The Value Proposition: The first thing one notices from the value proposition is that there is not "A Business Model for Higher Education", but rather many. This follows from the fact that different students are hiring higher education to do different jobs, e.g. education that does not interfere with full time work, a residential experience with the associated social growth, a high brand value certificate that will facilitate entry into upper level jobs. In addition, on a typical campus, students seeking undergraduate, professional and Ph.D. degrees each are hiring education to do a very different job. To further complicate matters, many higher education institutions also emphasize research, and the value proposition for research at a research university is greatly different from that at a college.Thus there are many classes of value propositions in higher education, and these different value propositions will force different ways to resource, produce and pay for that value, i.e. different classes of business models.
The biggest environmental challenge I see to the status quo of the Value Proposition is a move on the part of government, parents and students to demand evidence of the quality, pertinence, and value of the educational products that we sell. The days of "trust us, we are the experts" are rapidly fading. Most available data indicates that we don't do very well many of the things we claim to be doing (e.g. Another study showing students are not learning). In addition, parents and students are increasingly concerned about whether the education we provide is preparing our graduates for a world in which entire job categories are disappearing due to offshoring and technology. There is not any real national discussion of how educating students so that they can thrive in the future may differ from educating them for success in the past (e.g.The real crisis in higher education?). In short, I think that the outcomes evidence that increasingly is being demanded - and the likelihood that that the presented evidence will not always be positive - will put significant pressure on the existing value propositions of almost all the higher education business models.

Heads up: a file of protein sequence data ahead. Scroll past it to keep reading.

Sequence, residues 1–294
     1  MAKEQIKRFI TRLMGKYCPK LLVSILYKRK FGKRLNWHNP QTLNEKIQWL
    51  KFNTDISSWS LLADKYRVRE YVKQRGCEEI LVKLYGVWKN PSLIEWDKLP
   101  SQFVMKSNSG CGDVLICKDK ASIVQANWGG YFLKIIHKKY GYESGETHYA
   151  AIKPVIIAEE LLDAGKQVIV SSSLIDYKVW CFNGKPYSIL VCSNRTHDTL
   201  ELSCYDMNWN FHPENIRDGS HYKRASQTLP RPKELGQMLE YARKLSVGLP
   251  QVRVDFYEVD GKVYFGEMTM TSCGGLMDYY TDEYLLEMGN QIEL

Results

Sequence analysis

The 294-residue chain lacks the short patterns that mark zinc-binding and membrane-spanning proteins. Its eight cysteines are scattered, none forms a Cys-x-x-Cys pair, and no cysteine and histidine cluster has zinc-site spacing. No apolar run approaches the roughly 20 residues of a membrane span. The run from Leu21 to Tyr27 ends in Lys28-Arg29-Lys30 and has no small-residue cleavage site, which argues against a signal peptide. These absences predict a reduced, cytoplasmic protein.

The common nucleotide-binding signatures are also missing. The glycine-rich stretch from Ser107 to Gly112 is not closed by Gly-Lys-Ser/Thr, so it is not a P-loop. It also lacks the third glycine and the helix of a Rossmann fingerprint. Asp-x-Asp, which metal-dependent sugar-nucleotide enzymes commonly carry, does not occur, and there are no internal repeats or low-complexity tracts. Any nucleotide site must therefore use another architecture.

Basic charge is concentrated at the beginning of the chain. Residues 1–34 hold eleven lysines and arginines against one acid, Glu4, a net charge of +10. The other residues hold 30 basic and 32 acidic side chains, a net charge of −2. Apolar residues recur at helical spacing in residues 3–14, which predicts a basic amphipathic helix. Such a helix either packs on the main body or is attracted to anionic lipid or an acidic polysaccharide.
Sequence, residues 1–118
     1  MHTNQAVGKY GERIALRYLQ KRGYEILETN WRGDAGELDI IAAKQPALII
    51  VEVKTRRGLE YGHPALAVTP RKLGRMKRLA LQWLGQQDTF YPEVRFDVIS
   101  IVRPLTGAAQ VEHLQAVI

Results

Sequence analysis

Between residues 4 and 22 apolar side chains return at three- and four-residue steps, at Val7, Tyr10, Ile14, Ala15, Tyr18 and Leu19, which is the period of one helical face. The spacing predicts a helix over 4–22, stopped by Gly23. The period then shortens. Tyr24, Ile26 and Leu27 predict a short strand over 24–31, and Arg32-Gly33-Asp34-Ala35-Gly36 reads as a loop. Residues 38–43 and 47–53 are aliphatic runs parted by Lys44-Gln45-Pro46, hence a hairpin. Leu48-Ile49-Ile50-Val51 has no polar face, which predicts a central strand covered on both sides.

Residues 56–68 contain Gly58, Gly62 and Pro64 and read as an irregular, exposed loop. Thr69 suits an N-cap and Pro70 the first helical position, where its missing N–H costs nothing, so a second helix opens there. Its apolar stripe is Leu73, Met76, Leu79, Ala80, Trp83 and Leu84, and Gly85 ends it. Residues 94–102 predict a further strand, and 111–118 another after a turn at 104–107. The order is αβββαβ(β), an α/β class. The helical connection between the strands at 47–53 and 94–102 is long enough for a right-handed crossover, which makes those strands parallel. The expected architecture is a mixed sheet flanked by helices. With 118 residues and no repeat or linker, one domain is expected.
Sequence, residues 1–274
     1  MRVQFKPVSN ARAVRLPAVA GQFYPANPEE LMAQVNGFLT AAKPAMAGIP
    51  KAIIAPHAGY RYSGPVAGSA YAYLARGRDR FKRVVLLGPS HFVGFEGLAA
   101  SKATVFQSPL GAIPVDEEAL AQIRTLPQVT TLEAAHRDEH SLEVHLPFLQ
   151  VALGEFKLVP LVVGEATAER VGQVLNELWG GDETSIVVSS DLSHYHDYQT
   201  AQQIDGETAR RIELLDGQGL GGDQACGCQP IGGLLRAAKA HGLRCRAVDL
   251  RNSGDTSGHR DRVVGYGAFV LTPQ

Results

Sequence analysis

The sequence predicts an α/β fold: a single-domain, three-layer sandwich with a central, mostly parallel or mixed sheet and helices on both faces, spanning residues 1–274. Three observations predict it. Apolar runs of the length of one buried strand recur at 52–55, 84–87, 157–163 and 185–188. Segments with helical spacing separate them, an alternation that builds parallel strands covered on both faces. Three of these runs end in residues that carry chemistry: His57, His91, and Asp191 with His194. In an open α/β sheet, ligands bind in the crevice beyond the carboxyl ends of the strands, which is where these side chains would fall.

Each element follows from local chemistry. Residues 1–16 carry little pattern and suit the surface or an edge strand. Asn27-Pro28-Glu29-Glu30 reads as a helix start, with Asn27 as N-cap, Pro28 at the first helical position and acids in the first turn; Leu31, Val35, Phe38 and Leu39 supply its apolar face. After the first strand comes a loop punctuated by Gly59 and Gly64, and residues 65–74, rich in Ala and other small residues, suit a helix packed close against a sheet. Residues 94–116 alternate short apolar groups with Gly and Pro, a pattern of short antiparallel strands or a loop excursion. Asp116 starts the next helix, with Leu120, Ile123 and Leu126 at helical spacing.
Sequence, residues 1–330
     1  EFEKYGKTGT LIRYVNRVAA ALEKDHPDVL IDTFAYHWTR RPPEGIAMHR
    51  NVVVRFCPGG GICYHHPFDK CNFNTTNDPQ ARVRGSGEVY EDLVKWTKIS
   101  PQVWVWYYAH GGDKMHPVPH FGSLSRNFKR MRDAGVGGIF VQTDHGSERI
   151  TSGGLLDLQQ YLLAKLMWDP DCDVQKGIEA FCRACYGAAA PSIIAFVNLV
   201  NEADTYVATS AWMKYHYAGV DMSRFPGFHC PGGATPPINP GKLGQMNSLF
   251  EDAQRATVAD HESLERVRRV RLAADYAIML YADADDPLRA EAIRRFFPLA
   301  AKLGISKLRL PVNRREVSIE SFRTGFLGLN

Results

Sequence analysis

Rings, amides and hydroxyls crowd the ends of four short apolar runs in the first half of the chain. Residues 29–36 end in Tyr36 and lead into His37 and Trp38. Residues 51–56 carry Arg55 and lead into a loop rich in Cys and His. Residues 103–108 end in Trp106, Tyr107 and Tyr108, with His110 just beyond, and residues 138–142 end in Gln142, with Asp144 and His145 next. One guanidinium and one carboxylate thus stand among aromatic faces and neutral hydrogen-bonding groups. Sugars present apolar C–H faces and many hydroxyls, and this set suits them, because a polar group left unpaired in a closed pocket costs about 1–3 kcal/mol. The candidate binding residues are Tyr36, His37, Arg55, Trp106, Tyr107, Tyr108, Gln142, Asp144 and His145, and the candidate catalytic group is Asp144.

Resources: We have obviously reached a tipping point in an interesting resource: courses and programs. Not so long ago, if any institution needed a new course, it had to get a faculty member to create one. Courses were scarce. Now, we live in a course-rich world. Textbook companies such as McGraw-Hill and Pearson have become course producers, and even program producers (at a price, of course). The internet is filled with free open source courses (e.g. The Open Courseware Consortium), and the explosion of MOOCs with their high-brand providers adds yet another level of free courseware. The new Semester Online consortium adds a another dimension in the online availability of high brand courses. Obviously, this new resource will impact different classes of business models differently, but will almost certainly lead to some changes across the entire spectrum. Ultimately, one would imagine (and hope) that this new input resource would lead to changes in the current traditional-input-focused accreditation system.